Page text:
GEARING DOWN

 

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Both Edberg and Wilander retired in 1996. Thomas Enqvist seemed to follow the footsteps of Borg, Wilander and Edberg. He won 19 of the 26 singles finals he reached in his career. Enqvist was one of the Top 5 players of the 90s but did not win a grand slam title. He reached the finals of the Australian Open in 1999 but lost to Yevgeny Kafelnikov who became the first Russian to win a major. Magnus Norman and Thomas Johansson joined Enqvist in revitalizing Swedish tennis. Norman finished as the runner-up at the Roland Garros in 2000 and reached a career high of World No.2. However, it was Johansson who ended the long wait for a Swedish man to win a major as he captured the 2002 Australian Open after defeating Marat Safin is straight sets.

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A LOST LEGACY

Swedish tennis went underground ever since Johansson’s Australian Open triumph. The closest a player reached to win a slam was Robin Soderling in 2009. Soderling was the last standing hope for Swedish tennis but he suffered from mononucleosis and was forced to retire at the age of 26. Even in the doubles category, after Anders Jarryd and Jonas Bjorkman no Swedish man excelled as much as these two recipients of the doubles career grand slam.

 

 

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“I loved to watch all the Swedish players. I was very patriotic when I was a kid, and it was great, because every tournament there was at least one Swedish player doing good, and there was one Swedish player you could follow. That’s mostly why I started to play tennis.”  

– Robin Soderling

 

Swedish men won 24 grand slam titles from 1974 to 1992. The current tally shows only a marked progression and is stuck at 25.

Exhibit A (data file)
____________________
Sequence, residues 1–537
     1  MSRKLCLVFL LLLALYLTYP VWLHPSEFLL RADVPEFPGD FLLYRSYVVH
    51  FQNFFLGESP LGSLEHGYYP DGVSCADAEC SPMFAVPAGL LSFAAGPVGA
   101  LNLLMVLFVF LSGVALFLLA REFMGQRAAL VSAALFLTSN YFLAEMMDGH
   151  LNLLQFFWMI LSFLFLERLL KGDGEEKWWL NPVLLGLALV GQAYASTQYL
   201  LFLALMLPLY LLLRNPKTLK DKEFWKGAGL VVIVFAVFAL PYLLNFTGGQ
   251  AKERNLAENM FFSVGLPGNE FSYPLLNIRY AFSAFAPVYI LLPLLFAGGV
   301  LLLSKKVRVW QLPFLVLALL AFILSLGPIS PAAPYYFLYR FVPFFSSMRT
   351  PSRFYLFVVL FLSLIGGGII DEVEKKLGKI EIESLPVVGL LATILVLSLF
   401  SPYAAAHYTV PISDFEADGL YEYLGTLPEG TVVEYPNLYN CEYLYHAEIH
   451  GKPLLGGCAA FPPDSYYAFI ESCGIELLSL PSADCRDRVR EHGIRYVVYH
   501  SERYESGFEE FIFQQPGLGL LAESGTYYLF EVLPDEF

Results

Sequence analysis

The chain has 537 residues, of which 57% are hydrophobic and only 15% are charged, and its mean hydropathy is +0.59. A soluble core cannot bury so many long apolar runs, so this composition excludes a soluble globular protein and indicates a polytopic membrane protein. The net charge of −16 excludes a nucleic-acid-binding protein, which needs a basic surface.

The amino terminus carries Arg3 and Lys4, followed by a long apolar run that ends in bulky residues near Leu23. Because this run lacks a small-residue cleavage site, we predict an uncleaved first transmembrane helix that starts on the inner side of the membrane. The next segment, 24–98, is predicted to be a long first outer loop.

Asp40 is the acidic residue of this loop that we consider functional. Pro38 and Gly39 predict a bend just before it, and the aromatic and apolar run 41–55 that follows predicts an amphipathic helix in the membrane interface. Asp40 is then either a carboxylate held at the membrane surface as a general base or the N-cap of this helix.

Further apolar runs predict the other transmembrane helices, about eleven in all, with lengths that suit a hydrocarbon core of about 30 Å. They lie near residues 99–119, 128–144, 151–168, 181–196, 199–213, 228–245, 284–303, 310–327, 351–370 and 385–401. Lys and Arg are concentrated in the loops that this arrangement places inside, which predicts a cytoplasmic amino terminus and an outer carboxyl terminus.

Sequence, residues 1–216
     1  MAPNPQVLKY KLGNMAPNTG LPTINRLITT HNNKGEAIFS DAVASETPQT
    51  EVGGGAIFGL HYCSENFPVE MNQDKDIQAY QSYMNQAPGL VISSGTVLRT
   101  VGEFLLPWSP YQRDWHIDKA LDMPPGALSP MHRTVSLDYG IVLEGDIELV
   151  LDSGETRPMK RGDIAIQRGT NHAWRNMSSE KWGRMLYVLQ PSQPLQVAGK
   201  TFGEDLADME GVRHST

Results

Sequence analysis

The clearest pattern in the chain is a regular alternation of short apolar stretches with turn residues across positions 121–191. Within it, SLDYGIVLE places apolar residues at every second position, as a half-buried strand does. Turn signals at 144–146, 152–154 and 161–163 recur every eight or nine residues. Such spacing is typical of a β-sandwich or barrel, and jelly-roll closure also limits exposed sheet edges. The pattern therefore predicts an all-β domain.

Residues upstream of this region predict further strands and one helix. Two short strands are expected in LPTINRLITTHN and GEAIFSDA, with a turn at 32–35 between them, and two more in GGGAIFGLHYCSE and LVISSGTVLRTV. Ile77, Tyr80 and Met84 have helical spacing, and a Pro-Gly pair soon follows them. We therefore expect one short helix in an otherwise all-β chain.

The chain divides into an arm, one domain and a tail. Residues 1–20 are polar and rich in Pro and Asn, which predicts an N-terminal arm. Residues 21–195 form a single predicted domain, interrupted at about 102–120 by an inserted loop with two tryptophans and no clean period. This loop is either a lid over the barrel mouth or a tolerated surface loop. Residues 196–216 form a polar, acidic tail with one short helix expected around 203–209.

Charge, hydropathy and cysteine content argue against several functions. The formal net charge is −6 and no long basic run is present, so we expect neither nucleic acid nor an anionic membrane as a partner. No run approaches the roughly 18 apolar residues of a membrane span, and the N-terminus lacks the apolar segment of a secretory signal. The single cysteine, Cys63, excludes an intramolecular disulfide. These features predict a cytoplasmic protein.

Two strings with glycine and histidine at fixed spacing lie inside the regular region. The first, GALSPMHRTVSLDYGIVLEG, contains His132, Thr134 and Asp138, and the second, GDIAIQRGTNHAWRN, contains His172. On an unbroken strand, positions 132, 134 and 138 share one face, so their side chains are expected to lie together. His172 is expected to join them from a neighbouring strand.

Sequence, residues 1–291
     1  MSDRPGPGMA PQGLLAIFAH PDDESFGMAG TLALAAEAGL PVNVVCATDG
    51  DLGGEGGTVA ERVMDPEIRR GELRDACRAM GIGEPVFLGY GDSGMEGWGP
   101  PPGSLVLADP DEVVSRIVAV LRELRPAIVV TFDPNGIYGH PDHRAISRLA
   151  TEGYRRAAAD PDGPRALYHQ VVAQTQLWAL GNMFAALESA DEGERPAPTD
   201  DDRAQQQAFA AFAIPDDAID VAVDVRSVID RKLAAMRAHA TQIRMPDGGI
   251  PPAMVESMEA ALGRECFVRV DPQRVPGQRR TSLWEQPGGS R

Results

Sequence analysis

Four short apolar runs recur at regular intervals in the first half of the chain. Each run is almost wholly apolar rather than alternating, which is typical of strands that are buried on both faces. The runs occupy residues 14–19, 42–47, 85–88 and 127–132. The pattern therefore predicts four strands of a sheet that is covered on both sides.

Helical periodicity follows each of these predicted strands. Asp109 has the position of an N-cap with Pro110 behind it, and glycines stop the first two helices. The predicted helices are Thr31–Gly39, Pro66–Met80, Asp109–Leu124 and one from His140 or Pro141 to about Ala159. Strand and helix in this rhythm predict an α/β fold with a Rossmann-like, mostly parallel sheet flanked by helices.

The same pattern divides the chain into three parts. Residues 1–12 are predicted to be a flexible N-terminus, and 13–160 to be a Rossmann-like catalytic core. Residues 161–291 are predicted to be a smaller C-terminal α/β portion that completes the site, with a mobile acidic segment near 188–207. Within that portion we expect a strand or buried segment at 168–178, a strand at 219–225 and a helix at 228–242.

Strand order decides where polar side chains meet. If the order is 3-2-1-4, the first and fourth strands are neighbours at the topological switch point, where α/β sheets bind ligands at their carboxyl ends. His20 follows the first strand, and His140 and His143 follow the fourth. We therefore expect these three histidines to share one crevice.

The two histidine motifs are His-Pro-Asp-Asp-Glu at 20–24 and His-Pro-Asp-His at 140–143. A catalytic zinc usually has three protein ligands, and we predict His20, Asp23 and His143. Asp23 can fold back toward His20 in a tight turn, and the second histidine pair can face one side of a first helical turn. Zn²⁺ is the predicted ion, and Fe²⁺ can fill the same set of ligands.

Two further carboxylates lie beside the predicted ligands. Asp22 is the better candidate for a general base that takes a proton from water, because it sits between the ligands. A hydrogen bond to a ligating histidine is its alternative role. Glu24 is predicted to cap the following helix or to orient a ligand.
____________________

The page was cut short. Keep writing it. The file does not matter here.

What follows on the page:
“For me it’s a different vibe on the tour, because there’s no Swedish players around like there used to be. They were my best friends on the tour, and it’s just a different feeling. They used to have a Swedish corner in the locker rooms, and it’s not like that anymore.”

– Jarkko Nieminen

 

From 1975 to 1988 Sweden captured 7 Davis Cup titles and finished as the runner-up on 5 occasions. Sweden also has won 56 matches in Davis Cup which is the third-most in the World Group. Once a No.1 side, Sweden is no longer in the Top 20 rankings of the Davis Cup.

“A setback was always going to happen but to this extent is probably a big surprise even to myself.”

– Stefan Edberg

 

Bjorn Borg’s 14-year old son, Leo Borg has took up the tennis racquet and is hoping to follow his father’s footsteps. Mats Wilander wishes that it would be great for tennis if young Borg can replicate his father’s success.

“Everyone was spoiled with the huge success. Back in 1988, Wilander won three Slams and Edberg the other one. What’s going to happen after that? You can’t do better.”

–  Mikael Tillstrom

 

FROM PLAYERS TO LEGENDS TO SUPER COACHES

“I think the Swedish impact in tennis is bigger outside the court than on the court for the moment,”                

– Thomas Johansson

Swedish tennis stars of the past have ventured into the field of off-court tennis by working and guiding the careers of many grand slam winners. Magnus Norman was coach to Gael Monfils and Robin Soderling and is currently working with Stan Wawrinka. Stefan Edberg coached Roger Federer for a year. Jonas Bjorkman was the coach of Andy Murray and Marin Cilic in the past. Another Swedish tennis player whose results were better off the court is Thomas Hogstedt. Hogstedt has coached Eugenie Bouchard, Maria Sharapova, Li Na, Simona Halep, Caroline Wozniacki and Madison Keys. Another name that adds to this list is of Peter Lundgren. A former Top 30 player, Lundgren coached Stan Wawrinka, Marcelo Rios, Marat Safin, Marcos Baghdatis, Grigor Dimitrov and Daniela Hantuchova.  

Leading the pack of the younger generation of Swedish tennis players are the Ymer brothers. Currently ranked 105 in the world, Ymer Elias has won 4 challenger titles. Elias’ younger brother Ymer Mikael is ranked No.364 in the world. The brothers won the doubles title at Stockholm in 2016. Elias Ymer is currently coached by Robin Soderling.

 

“It was more obvious when Robin got sick. If you were really inside tennis, everyone knew that it was only Robin and then nothing — at the time. But when he got sick, I think media, everyone else, realized, ‘Ooh, wow, is it really that bad?’ ”

– Jonas Bjorkman